CODE REVIEWS – In a code review, the team looks at and analyzes a section of code and fixes the errors. Errors are section of code that either doesn’t properly implement the requirements, or that doesn’t work as intended by the programmer, or that haven’t been designed in the best way possible. There are many lines of code and it is impossible for a team to review every line of code.

UNIT TESTING – Unit Testing is a process of running “unit tests” that check whether or not the different units in the software function correctly. Code is made up of units, such as; functions or modules. Different units perform different functions. Units of code are tested separately. Also, it takes multiple tests to verify a single unit. Tests should verify at least three aspects;

  1. The unit performs the functions correctly.
  2. The unit handles error conditions and unexpected values.
  3. The unit handles boundary conditions such as zero’s and null values.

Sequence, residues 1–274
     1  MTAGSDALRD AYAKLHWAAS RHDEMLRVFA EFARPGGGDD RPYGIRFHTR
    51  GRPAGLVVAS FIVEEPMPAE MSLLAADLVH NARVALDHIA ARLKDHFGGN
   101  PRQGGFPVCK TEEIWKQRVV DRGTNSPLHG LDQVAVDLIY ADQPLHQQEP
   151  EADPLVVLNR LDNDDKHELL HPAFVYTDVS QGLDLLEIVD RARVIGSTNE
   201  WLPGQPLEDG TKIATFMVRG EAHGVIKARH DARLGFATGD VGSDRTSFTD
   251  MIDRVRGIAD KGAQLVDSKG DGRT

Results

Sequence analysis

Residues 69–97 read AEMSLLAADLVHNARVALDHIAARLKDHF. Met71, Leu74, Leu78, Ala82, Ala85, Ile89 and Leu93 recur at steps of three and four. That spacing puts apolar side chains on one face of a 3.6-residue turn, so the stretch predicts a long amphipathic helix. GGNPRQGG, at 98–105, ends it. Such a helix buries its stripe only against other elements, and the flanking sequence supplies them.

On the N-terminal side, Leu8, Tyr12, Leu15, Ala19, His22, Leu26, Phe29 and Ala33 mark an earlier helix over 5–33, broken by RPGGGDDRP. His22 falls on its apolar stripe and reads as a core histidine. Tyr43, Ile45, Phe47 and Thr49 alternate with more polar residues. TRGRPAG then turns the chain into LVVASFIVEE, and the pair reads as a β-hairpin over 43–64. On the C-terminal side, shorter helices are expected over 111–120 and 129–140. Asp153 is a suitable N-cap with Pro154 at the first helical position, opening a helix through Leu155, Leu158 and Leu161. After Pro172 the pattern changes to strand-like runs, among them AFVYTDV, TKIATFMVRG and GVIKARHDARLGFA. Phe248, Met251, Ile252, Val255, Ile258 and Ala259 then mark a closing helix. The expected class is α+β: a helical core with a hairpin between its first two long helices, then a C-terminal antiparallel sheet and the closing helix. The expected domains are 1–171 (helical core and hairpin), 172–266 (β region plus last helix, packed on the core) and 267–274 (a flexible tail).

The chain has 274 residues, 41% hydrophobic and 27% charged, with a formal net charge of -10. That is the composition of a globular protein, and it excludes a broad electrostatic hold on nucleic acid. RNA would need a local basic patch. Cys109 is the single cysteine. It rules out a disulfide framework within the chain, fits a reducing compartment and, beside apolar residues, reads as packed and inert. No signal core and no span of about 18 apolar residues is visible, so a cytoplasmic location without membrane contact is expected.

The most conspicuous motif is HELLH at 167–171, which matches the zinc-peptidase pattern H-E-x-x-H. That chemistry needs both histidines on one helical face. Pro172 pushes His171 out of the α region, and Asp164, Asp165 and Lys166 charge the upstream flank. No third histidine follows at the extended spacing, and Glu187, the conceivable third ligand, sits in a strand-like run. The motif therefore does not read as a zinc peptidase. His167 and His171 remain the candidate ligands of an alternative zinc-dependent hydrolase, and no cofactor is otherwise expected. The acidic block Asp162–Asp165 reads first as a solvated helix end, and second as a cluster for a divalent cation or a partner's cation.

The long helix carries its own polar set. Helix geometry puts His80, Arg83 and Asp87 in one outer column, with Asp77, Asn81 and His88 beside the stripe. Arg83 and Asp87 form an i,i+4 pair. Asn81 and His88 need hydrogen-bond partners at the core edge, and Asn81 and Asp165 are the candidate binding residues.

ADVANTAGE OF UNIT TESTING – Not all programmers like unit tests. But even when bugs are found on projects on a regular basis, the idea of unit testing still seems to bring about hesitation in the programmers. The problem is that programmers don’t like to do work that doesn’t end up in the final deliverable. For this reason, unit tests seem a bit like extra work that won’t be recognized. What programmers fail to realize is that doing unit testing saves time on a project. By finding the bugs up front, the bugs are then easier to fix, than they would be if they were caught much later.